Luxury cars in Buenos Aires

Dougie

Registered
What I usually do is get a sense of the area before wearing jewelry. But I'm surprised BA is considered more dangerous. Is it actually crimes happening against people or are people just scared? Often in Colombia or Mexico a tourist would tell me I'm brave for wearing jewelry because they think I'm also a tourist. I drove around Mexico city all the time in a bright orange Lotus. Aside from a million looks I didn't have issues.
The danger of Buenos Aires compared to other cities or other countries has been debated here endlessly over the years with opinions all over the place.

What I do know is that most of the wealthy in Argentina try to keep a low profile. Carjackings do happen, thieves have been known to follow luxury cars to their homes and then commit home invasions. Due to distrust in the banking system and tax evasion, Argentines often have large amounts of cash hidden in their homes.

If you come and live in Buenos Aires for a year or two and drive around in a Lotus in the safe neighborhoods, most likely nothing will happen to you, but you do put yourself more at risk.

Only you can decide if the enjoyment of using those cars compensates for the increase in safety risk.
 
The danger of Buenos Aires compared to other cities or other countries has been debated here endlessly over the years with opinions all over the place.

What I do know is that most of the wealthy in Argentina try to keep a low profile. Carjackings do happen, thieves have been known to follow luxury cars to their homes and then commit home invasions. Due to distrust in the banking system and tax evasion, Argentines often have large amounts of cash hidden in their homes.

If you come and live in Buenos Aires for a year or two and drive around in a Lotus in the safe neighborhoods, most likely nothing will happen to you, but you do put yourself more at risk.

Only you can decide if the enjoyment of using those cars compensates for the increase in safety risk.
From my point of view, you could not be more right.

It's a very smart person who consciously keeps a low profile to avoid a potential problem such as robbery, or a robbery gone wrong that could turn worse, as in a death. Simply not a good trade off.
 
From my point of view, you could not be more right.

It's a very smart person who consciously keeps a low profile to avoid a potential problem such as robbery, or a robbery gone wrong that could turn worse, as in a death. Simply not a good trade off.
I'd rather plow my money into good food, quality healthcare, leisure time, etc ... (Because I would not have to work.) and the mental security money in the bank can give a person.
 

Ries

Registered
I see a Porsche or two a week, in Retiro and Recoleta. Whereas in the USA, I can easily see 2 or 5 an hour, in many cities. You do see big 4 door Mercedes and Audis, often, for some reason, parked in front of Rapanui in Retiro, and I often see pretty big SUVs- I see the occasional Range Rover or Audi Q7. But its rare. They are more common up in the northern suburbs than in the City. There are expensive cars at estancias in the country, but not daily drivers. Remember, Argentina is where they make the best reproduction 1930s Bugatti's in the World- The Pur Sang cars are made here, and sell for hundreds of thousands of dollars. https://bringatrailer.com/listing/1927-bugatti-pur-sang-type-45/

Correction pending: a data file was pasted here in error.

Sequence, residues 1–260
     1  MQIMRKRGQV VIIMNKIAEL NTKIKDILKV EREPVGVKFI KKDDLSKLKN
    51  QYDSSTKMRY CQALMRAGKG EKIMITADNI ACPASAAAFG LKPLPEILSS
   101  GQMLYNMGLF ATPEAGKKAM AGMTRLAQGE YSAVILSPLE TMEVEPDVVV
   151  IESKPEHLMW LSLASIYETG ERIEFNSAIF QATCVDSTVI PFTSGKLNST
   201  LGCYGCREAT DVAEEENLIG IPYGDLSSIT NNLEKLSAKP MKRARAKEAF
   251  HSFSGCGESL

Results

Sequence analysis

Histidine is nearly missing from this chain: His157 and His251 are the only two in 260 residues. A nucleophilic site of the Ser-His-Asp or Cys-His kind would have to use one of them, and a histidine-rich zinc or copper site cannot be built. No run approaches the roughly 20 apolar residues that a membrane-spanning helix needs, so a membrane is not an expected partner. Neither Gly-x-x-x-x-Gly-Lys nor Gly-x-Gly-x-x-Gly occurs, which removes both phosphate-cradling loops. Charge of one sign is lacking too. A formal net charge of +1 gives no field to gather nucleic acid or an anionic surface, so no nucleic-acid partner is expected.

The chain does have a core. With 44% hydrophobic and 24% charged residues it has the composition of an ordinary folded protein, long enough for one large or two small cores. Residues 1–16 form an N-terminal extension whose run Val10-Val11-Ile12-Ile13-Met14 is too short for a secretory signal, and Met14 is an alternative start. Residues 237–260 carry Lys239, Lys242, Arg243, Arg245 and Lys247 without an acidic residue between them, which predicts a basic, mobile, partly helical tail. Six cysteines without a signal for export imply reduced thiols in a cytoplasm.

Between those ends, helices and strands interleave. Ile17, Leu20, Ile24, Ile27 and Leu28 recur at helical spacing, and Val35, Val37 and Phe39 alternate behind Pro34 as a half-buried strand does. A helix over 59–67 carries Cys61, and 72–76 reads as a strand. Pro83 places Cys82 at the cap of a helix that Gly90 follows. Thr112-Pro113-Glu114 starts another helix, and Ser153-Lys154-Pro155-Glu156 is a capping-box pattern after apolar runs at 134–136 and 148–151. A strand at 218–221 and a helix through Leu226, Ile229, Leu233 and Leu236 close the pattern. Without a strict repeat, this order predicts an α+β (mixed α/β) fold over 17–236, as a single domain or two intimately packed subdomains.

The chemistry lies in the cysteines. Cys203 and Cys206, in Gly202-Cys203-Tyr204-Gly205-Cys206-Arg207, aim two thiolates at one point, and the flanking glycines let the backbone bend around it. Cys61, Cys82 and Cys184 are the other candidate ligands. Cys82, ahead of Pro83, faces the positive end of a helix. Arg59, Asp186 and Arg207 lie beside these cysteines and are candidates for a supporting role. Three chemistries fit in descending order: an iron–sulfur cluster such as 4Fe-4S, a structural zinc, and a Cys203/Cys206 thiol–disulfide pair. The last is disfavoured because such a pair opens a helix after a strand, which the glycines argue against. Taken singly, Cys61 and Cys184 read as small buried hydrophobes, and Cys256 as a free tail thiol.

but on the streets of the city, you dont see many expensive cars.
 

FrankPintor

Registered
I drive down Av. Libertador (a bit Mad Max, not to be recommended) almost every morning and then past Puerto Madero and Casa Rosada into San Telmo. I do see a collection of upmarket SUVs, Porsche Cayennes, VW Touaregs, BMW X1, 3, 5, Audi Qx, Volvo XC60s and 90s, Range Rovers, and so on. Certainly not the most common, but they're there.
 
**SIGNS of Wealth**

(I believe this should be a new, separate thread.)

If you ask me, an expensive car, home, boat, or something similar, is a sign of someone with the means, but not necessarily the wealth. Especially when you get into countries where financing is available at very attractive rates with a non inflationary environment.

These kinds of things make y be, in a lot of cases, but not all, signs of servitude. I personally know quite a few people who have stuff like I just mentioned. Really high end examples of them, but the owner is working their butt off to make the payment or afford the possession. Then there is the maintenance cost, upkeep, service, insurance, etc ...

They are keeping up with The Joneses. They are competitive, but I don't see much happiness or fulfillment after the newness wears off. Misery actually.

I believe the true wealth (Not BILLIONAIRES or wicked silly millionaires. THEY ARE RICH and probably don't sweat much, if at all.) for that segment of upper middle class / upperclass is measured in LEISURE TIME.

It's the person who has time that is the richest in my view.

Funny thing, a lot more people could fit my wealth definition if they could curb their wants and have a bit less.

JMHO.
 

Jimbob

Registered
virtually impossible.
If you have legal citizen ship, you can bring ONE car, but its a lot of paperwork, expense, and time. Months, maybe years with Covid. Very few people do this. Its just not worth it.
You have to learn to eat local, if you move to Argentina- in all things. That means working with what is available, and, often, changing your expectations. It is a unique country, and it works the way it works.
To be honest living in BA did me good from this aspect, I used to spend a fortune on cars and motorbikes. Now I am far less materialistic and I feel better for the humbling.
 
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